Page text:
Last week, the Turkish delegation presided over by Vice President Fuat Oktay withdrew from a conference on Libya in Palermo, Italy after they were excluded from a key meeting on the case.
The meeting, which included representatives from Italy, Egypt, Libya, Russia, France, Tunisia, Algeria, the U.N. and the retired Gen. Khalifa Haftar, who is one of the political actors of Libya, was not included in a schedule provided to Turkey.
In the statement he gave while leaving Palermo, Vice President Oktay underscored the impossibility of achieving stability in the Mediterranean without Turkey's involvement.
"Libya cannot be stabilized as long as some countries continue to crush the process in line with their own interests. Libya needs less foreign intervention, not more," the vice president stressed.
"Unlike the others, we are open to a broad dialogue with all Libyan and regional actors. It is impossible for those who are responsible for the current difficult situation in Libya to make any positive contribution to the country's recovery," Oktay added.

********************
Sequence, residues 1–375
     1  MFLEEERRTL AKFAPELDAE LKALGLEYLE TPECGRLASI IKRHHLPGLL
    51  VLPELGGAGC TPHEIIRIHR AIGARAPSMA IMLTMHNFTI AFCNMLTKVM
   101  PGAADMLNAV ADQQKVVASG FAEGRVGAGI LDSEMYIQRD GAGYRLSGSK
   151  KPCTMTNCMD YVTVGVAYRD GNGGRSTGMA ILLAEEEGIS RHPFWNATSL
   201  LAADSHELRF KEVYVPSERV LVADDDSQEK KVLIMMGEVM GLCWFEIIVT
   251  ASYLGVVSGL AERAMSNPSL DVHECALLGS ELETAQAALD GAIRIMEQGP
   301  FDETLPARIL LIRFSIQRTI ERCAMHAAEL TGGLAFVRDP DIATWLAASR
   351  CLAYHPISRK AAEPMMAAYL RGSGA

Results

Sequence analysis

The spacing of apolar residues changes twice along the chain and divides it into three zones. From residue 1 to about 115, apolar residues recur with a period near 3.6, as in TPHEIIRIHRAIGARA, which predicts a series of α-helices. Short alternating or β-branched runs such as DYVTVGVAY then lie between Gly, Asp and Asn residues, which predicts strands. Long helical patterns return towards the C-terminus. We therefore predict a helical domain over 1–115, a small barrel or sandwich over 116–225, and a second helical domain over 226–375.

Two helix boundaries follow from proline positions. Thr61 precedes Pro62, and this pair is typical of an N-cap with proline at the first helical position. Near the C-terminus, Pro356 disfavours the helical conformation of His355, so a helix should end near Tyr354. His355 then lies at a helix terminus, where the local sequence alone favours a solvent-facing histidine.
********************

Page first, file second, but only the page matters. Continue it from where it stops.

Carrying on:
Libya has remained dogged in turmoil since 2011, when a deadly NATO-backed uprising led to the ouster and death of long-serving President Moammar Gadhafi after more than four decades in power.
Currently, two rival seats of power are vying for supremacy in Libya: An internationally recognized national unity government based in Tripoli and a government supported by a legislative assembly based in the eastern city of Tobruk.
Libya's two main rival leaders – retired Gen. Haftar, who rules most of the east, and U.N.-backed Prime Minister Fayez al-Serraj – met for the first time in more than five months in Palermo, Sicily.
Italy organized the two-day conference in hopes of making progress on ending Libya's lawlessness and promoting a U.N. framework for eventual elections.
But expectations were limited, with Haftar's camp making clear that he wasn't participating in the conference itself but rather meeting with leaders of neighboring countries on the sidelines. Turkey preferred to act together with the international community to aid Libya which was pushed into chaos as a result of Khalifa Haftar's coup attempt in May 2014. The Libya Conference held in Palermo is the latest initiative materialized since Haftar's aforementioned coup attempt.